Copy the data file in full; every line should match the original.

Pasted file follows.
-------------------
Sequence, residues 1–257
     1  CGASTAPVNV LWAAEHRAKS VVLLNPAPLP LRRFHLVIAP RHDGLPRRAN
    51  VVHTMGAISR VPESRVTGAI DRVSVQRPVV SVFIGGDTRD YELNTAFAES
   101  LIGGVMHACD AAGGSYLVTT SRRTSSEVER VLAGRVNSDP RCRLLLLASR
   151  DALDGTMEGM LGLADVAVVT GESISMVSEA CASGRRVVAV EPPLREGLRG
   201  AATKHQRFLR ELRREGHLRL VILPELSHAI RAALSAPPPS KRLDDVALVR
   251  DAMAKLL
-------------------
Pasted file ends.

Sequence, residues 1–257
     1  CGASTAPVNV LWAAEHRAKS VVLLNPAPLP LRRFHLVIAP RHDGLPRRAN
    51  VVHTMGAISR VPESRVTGAI DRVSVQRPVV SVFIGGDTRD YELNTAFAES
   101  LIGGVMHACD AAGGSYLVTT SRRTSSEVER VLAGRVNSDP RCRLLLLASR
   151  DALDGTMEGM LGLADVAVVT GESISMVSEA CASGRRVVAV EPPLREGLRG
   201  AATKHQRFLR ELRREGHLRL VILPELSHAI RAALSAPPPS KRLDDVALVR
   251  DAMAKLL